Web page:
Kenwood DMX7706s Pre-amp Voltage and Distortion Test – Clean at 40 with sub level at zero

With the sub level at zero, volume all the way up, we got a clean signal. No distortion there and not quite 4 volts, but close to it at 3.75. The below 4 volt reading was definitely a bit of a disappointment, but I did find it interesting that the sub pre-amp definitely has more kick than the front or rear pre-amp. Typically, this is where you really notice the extra voltage, in the bass, so it kind of makes sense that’s where they put the emphasis, but it’s also a bit misleading in the labeling of the product. Consumers see “4 volt” and they assume you mean all three pre-amps are 4 volt not just one out of three. Feeling a bit deflated, I was more anxious than ever to test the Kenwood eXcelon model. Was the DDX9907XR really 5 volt? Or would we see similar results?

Kenwood eXcelon DDX9907XR – Is it really 5 Volt?

I wired up the Kenwood eXcelon DDX9907XR to my test bench power supply and got the Scopemeter probes secured. I opened the test tone on my phone, pressed play and cranked it up. Once again, I started with the front pre-amp and here’s what I found.

Kenwood eXcelon DDX9907XR Pre-amp Voltage and Distortion Test – Clean at 40

Would you look at that? We’re getting 5.29 volts out of the front pre-amp with the volume all the way up and no distortion. Awesome! It really is 5 volts. I guess it’s not just a marketing ploy, there really is a measurable difference. How about on the sub pre-amp? Would we see similar results to the DMX7706s? I switched the probes to the sub pre-amp and turned the sub level all the way up to find out.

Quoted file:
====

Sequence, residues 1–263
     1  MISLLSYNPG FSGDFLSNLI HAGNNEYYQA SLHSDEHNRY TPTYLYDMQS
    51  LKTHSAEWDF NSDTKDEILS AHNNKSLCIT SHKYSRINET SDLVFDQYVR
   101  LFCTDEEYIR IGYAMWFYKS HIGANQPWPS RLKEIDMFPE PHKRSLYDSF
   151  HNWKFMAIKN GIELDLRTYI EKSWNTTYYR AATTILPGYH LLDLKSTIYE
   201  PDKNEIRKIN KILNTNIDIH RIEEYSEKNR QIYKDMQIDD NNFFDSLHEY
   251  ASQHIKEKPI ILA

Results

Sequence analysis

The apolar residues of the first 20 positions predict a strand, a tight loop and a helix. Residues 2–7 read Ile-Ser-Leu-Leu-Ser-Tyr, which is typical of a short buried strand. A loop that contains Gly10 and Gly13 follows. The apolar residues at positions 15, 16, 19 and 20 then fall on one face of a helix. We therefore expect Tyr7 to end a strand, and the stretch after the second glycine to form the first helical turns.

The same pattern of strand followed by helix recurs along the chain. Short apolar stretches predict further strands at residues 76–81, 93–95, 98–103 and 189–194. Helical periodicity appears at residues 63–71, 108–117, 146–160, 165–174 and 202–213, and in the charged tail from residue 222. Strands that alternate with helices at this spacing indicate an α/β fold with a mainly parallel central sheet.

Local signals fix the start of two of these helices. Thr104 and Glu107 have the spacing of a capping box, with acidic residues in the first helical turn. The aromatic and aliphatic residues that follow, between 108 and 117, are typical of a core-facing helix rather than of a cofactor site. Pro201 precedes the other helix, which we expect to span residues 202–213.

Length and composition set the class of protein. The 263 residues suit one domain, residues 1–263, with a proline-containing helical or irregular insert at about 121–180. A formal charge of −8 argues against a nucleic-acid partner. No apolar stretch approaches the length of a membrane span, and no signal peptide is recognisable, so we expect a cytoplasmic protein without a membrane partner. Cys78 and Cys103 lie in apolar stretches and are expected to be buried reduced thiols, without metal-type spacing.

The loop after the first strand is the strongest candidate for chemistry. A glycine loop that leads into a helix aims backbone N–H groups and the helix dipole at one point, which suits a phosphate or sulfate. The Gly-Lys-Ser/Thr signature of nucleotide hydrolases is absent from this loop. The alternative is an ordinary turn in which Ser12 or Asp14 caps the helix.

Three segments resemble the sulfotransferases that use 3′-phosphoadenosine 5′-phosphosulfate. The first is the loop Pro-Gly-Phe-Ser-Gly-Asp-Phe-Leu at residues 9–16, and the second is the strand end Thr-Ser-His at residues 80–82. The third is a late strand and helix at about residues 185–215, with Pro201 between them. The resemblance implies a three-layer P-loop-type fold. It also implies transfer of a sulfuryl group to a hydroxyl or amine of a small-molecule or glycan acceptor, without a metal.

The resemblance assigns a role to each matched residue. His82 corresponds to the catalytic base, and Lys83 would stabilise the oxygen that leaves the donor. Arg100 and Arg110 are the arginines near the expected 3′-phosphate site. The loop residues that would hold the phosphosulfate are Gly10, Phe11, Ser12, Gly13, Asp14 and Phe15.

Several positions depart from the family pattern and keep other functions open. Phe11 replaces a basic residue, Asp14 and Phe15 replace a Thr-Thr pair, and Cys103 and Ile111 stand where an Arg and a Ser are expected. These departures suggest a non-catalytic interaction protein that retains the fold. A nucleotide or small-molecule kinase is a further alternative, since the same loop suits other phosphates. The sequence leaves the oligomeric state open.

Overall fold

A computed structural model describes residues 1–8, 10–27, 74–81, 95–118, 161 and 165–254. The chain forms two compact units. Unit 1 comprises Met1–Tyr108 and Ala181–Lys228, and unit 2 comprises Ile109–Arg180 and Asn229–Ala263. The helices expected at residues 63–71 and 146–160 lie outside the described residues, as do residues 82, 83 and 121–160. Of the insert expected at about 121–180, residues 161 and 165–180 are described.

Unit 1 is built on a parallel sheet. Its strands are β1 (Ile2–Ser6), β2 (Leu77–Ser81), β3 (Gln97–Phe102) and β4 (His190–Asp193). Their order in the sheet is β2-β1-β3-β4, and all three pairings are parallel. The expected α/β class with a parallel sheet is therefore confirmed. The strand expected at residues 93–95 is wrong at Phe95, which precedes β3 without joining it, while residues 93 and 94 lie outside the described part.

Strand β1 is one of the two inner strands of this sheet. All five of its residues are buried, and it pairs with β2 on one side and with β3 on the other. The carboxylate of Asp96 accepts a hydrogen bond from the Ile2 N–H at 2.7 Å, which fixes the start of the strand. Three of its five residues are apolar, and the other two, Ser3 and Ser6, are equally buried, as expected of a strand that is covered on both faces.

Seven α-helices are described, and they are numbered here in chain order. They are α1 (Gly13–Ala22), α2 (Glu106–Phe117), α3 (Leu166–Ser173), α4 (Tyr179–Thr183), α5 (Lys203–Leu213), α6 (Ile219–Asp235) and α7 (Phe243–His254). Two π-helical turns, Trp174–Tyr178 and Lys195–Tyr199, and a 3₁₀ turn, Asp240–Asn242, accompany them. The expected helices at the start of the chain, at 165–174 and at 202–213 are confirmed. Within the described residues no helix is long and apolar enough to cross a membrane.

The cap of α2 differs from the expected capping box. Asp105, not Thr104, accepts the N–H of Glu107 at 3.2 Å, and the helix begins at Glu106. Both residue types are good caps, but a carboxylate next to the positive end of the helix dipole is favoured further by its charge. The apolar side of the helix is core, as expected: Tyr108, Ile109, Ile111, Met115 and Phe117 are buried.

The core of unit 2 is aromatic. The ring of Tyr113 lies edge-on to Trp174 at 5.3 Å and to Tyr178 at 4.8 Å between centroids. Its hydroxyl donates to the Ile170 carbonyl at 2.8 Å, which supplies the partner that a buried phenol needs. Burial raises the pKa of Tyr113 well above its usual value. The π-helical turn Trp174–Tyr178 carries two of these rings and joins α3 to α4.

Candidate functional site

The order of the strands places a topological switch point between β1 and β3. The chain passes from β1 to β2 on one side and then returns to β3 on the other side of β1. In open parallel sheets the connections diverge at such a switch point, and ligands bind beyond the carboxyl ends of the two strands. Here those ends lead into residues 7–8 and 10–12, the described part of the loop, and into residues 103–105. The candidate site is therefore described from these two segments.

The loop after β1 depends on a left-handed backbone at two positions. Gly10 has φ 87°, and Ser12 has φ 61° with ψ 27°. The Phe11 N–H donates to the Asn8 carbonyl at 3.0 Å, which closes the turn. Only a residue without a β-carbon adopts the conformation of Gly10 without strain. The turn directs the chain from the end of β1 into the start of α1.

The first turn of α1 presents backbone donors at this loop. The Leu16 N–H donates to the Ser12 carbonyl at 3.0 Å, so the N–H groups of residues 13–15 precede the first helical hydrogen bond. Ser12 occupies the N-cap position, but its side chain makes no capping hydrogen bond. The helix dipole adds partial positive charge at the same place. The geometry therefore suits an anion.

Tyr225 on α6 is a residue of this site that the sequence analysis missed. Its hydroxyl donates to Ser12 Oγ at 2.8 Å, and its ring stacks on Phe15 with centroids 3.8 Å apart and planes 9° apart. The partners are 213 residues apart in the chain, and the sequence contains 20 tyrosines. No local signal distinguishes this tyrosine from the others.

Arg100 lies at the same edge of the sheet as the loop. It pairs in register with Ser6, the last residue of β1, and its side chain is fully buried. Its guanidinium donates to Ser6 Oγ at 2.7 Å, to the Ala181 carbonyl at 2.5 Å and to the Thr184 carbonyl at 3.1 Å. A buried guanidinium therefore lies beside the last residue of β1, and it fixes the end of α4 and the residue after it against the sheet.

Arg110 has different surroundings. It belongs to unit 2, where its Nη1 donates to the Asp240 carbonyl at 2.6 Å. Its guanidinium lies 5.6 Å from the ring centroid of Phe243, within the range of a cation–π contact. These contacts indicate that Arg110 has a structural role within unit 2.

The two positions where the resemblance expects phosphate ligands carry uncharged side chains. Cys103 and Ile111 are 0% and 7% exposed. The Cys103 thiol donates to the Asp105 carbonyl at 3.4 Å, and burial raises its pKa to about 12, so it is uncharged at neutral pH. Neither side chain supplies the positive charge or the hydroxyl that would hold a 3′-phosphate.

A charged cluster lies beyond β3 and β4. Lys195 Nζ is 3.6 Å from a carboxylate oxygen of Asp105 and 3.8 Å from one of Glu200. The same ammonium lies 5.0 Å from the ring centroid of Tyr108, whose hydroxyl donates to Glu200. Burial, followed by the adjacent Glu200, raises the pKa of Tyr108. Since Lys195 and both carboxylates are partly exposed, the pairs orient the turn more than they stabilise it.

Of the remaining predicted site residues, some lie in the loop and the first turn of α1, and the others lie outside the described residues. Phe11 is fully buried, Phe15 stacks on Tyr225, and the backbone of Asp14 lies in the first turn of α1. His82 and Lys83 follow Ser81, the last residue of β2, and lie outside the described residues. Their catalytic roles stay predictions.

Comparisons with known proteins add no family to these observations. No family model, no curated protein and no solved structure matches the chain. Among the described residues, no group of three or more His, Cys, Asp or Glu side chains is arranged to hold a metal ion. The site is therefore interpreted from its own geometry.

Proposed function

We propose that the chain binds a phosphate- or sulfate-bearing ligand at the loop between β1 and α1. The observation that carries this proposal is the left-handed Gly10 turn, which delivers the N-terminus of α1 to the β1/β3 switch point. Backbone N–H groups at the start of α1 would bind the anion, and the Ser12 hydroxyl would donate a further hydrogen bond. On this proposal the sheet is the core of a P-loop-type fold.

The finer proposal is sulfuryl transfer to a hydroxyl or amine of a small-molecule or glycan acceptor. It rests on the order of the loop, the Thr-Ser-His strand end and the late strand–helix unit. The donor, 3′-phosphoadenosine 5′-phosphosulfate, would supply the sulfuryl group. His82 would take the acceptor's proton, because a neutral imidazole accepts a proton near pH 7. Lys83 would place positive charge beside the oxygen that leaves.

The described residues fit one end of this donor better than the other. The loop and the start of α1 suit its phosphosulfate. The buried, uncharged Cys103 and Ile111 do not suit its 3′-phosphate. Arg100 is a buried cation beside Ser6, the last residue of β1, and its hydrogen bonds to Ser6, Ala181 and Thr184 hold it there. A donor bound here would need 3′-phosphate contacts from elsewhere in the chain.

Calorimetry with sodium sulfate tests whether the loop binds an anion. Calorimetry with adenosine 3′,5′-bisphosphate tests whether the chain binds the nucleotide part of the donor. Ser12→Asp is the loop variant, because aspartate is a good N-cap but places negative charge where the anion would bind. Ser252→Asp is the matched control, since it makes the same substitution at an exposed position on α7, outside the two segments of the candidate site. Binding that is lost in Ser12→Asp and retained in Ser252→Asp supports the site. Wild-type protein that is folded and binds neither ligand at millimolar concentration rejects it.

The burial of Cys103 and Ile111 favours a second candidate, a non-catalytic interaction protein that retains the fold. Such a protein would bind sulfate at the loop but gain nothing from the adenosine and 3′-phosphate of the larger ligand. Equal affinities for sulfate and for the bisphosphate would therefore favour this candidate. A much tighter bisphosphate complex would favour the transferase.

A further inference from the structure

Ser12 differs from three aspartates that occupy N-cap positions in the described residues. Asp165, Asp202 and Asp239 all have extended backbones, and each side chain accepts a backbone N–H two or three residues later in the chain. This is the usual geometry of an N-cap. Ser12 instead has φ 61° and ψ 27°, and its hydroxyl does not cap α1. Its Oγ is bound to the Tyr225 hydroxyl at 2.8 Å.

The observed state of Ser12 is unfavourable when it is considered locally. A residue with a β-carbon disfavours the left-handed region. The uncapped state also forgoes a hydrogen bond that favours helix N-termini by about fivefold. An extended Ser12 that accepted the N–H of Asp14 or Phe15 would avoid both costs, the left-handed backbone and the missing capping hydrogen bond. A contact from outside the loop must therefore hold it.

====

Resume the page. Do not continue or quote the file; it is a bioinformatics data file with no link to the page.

Kenwood eXcelon DDX9907XR Pre-amp Voltage and Distortion Test – Sub level max, volume all the way up

Holy cow! We’re getting 8.32 volts out of this thing! But just like the DMX7706s, the signal is totally distorted so it’s not really usable voltage. I lowered the volume to see at what point it would be clean while keeping the sub level at max.

Kenwood eXcelon DDX9907XR Sub Pre-amp Distortion Test – Supreme off – Pretty clean still at 32

With the Supreme audio setting turned off, the signal started looking clean at 32 and we were getting a whopping 6.36 volts! However, Supreme is a feature I really like using on all Kenwood models because it truly does enhance the sound in every vehicle. I decided to turn on Supreme and found it immediately distorted at volume 32. Stepping it down one notch to 31 cleaned it right up. Plus we were still getting 5.7 volts which is not too shabby.

Kenwood eXcelon DDX9907XR Sub Pre-amp Test – Supreme on – Clean at 31

Now I wanted to see with the sub level at zero, would we still get 5 volts and would the signal be clean at max volume? I adjusted the sub level down, selected the 40 Hz test tone and cranked it up. Here’s what I found.

Kenwood eXcelon DDX9907XR Sub Pre-amp Voltage and Distortion Test – Max volume, sub level at zero

With the sub level turned to zero and volume maxed, we finally had a clean signal through the sub pre-amp. However, it wasn’t quite 5 volts, but close at 4.78.

Kenwood vs Kenwood eXcelon Pre-amp Voltage Distortion Test Results

We can take away some important information from this testing.